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A random process has three possible outcomes: $A$, $B$, and $C$. At each step, the outcome is decided randomly, and is uncorrelated with previous outcomes. The outcomes occur with probabilities $p_A$, $p_B$ and $p_c$ (of course, $p_A + p_B + p_C = 1$).

In a sequence of length $N$ generated using this process, what is the probability that the an unbroken run of two of the variables of length $k$ or more (e.g. $ABABABA$ for $k=7$) occurs somewhere in the sequence at least once?

What should be the length of the sequence such that the probability of the run occurring is greater than or equal to $\frac{1}{2}$?

(Is this even a tractable problem? I am a beginner in the area, but from what I have seen, things start to get rather nasty quite quickly, even for runs in binary processes.)

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Hint: Do you know how to solve the problem when there are only two results E, F? The relevant question in that case is what is the probability of a run of a single variable. If you know this solution you simply call a pair A, B by a single name C, and the probability of either one coming up is $p_A+p_B$. There is a bit of cumbersome combinatorics when we consider that AAA can also be considered as part of the event of A, B repetitions as well as part of the event of A C repetitions. Are you concerned about the general problem of probability for runs, or more about the combinatorics? –  F. Solis Jan 30 '13 at 19:40
    
@F.Solis Thanks for your comment. The idea of combining A and B as one event makes a lot of sense (the only limitation is that the run has to be of even length, but I can live with that.) I have come across a recursive relationship for the binary problem here link, but while the relationship seems correct, I can't make heads or tails of where it came from. –  MGA Jan 30 '13 at 19:49
    
Just to clarify, do you want a repeating pair, or do you accept AABBAAA, any run that uses only 2 of the three variables? –  F. Solis Jan 30 '13 at 20:14
    
I am specifically after the pattern ABABABAB... –  MGA Jan 30 '13 at 20:15

2 Answers 2

up vote 0 down vote accepted

Call $X_n$ the length of the longest prefix of the word you are interested in which ends the sequence at time $n$. For example, the word ABABABA and the sequence ABCACBCAB yield $(X_n)_{0\leqslant n\leqslant9}$ equal to $0120100012$.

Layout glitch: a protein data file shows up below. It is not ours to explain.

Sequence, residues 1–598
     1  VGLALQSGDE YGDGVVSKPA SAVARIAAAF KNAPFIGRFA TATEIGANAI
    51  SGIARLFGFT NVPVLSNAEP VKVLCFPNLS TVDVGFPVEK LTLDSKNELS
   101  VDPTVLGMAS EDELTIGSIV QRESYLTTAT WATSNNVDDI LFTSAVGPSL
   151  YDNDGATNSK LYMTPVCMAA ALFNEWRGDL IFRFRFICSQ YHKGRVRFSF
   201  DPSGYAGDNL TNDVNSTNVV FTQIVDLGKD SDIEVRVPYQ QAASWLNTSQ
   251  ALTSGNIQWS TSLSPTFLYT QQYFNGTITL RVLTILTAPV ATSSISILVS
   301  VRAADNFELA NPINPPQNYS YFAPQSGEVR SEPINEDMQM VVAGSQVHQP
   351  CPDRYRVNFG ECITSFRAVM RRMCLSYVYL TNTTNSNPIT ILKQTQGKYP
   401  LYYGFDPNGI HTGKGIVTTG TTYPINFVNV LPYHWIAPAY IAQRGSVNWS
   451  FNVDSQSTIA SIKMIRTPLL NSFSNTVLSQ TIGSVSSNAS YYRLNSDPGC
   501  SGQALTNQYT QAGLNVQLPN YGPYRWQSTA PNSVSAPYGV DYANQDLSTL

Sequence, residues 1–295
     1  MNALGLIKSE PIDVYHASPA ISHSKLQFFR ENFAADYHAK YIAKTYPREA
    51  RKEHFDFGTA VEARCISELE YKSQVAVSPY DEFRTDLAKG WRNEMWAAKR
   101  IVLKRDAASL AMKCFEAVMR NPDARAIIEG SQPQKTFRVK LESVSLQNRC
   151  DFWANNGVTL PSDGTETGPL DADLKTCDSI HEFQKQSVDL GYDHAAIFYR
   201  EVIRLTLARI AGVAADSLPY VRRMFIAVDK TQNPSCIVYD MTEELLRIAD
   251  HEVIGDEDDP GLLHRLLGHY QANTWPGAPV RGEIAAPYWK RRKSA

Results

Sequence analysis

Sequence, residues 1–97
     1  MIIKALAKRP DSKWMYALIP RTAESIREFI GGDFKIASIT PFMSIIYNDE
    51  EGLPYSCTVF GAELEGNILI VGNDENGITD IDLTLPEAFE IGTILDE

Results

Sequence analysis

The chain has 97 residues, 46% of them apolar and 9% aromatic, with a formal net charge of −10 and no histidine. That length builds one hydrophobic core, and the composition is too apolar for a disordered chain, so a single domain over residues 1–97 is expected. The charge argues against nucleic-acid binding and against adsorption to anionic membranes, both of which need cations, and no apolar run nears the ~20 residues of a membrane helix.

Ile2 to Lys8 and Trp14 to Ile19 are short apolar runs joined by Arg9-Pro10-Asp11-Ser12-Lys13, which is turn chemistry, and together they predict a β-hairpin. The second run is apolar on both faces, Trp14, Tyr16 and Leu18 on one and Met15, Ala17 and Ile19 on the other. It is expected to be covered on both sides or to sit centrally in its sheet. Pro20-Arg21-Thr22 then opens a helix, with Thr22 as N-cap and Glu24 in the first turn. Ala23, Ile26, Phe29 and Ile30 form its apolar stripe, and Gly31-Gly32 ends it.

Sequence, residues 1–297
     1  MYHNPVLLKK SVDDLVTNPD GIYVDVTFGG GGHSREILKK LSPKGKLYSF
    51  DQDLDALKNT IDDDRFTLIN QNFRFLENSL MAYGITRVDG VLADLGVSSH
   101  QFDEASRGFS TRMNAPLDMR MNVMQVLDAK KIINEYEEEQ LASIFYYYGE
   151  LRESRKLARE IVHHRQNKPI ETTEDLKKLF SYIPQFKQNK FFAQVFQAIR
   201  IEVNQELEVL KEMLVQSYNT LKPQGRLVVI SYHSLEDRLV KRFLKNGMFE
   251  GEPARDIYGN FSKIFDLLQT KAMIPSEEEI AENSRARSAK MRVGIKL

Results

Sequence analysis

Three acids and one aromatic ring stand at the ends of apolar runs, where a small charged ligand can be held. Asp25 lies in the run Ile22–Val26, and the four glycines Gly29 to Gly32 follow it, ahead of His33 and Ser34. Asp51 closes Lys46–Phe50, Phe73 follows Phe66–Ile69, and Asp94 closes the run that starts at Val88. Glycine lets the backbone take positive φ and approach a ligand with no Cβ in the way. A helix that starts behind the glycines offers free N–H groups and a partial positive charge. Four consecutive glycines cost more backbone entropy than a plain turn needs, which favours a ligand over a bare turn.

Let us continue with this specific word ABABABA in mind. The question is to estimate $\mathbb P(T\leqslant n)$ for some fixed $n$, where $T=\inf\{n\geqslant0\mid X_n=7\}$. The key fact is that $(X_n)_{n\geqslant 0}$ is a Markov chain and that one can compute the generating function $\mathbb E(s^T)$.

Call $t_k(s)=\mathbb E(s^T\mid X_0=k)$ for $0\leqslant k\leqslant 7$. Then $t_7(s)=1$ and we look for $t_0(s)$. Examining the next letter, one sees that, if $X_n=k$, then $X_{n+1}$ is $k+1$ or $1$ or $0$. For example, $X_n=3$ means one just saw ABA. Thus $X_{n+1}$ is $4$, $1$, or $0$ when the next letter is B, A, or C. As a consequence, $$ t_3(s)=s(p_Bt_4(s)+p_At_1(s)+p_Ct_0(s)). $$ Proceeding like this for each $0\leqslant k\leqslant 7$, one gets for every fixed $s$ a Cramér system which $(t_k(s))_{0\leqslant s\leqslant 7}$ solves, with boundary condition $t_7(s)=1$. Solving this system yields $t_0(s)$ as a rational function of $s$, which one can then expand into a series $t_0(s)=\sum\limits_{k\geqslant7}a_ks^k$. This yields $$ \mathbb P(T\leqslant n)=\sum_{k\leqslant n}a_k. $$ Note finally that the behaviour of $\mathbb P(T\geqslant n)$ when $n\to\infty$ is ruled by the radius of convergence of the series $t_0(s)$, which can be read directly on the original Cramér system, without solving it. More precisely, the smallest positive root $\sigma$ of the determinant of this system is always at least $1$ and, when $n\to\infty$, $$ \mathbb P(T\geqslant n)=\sigma^{-n+o(n)}. $$

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Thanks a lot for your answer, this is a wonderful branch of mathematics where seemingly simple problems lead to an intricate analysis. Just one small point, and I may very well be wrong: Could there a mistake when you define $t_k(s) = \mathbb{E}(s^T|X_0=k)$? Is $X_0$ not the count of how many (uninterrupted) characters of the word in consideration you have seen in the first step, and is that by definition not always zero? –  MGA Feb 5 '13 at 23:49
    
The definition might be a little sloppy but there is no mistake. A more rigorous definition of $t_3(s)$, for example, is that $t_3(s)$ is the expectation of $s^{T-3}$ conditionally on the event that the 3 first outcomes are ABA (that is, the beginning of the word to reach). Likewise for every $t_k(s)$. –  Did Feb 6 '13 at 7:28

The event of n repetitions of the pattern AB, followed by a breaking character B or C is $p_A^np_B^n(p_B+p_C)$. We sum over all $n \geq 4$. $\sum_{n=4}^{n=\infty} p_A^np_B^n(p_B+p_C)=p_A^4 p_B^4 (p_B+p_C)\sum_{n=0} ^{\infty} p_A^np_B^n=\frac{p_A^4 p_B^4 (p_B+p_C)}{1-p_Ap_B}$. For the odd case, where the run is broken at A, followed by an A or C, we have:$\frac{p_A^4 p_B^3 (p_A+p_C)}{1-p_Ap_B}$. The result is the sum of these two cases.

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Hmmm... Not sure this is correct. You seem to be computing the probability of the event that one starts by the word ABABABA. –  Did Feb 1 '13 at 10:29

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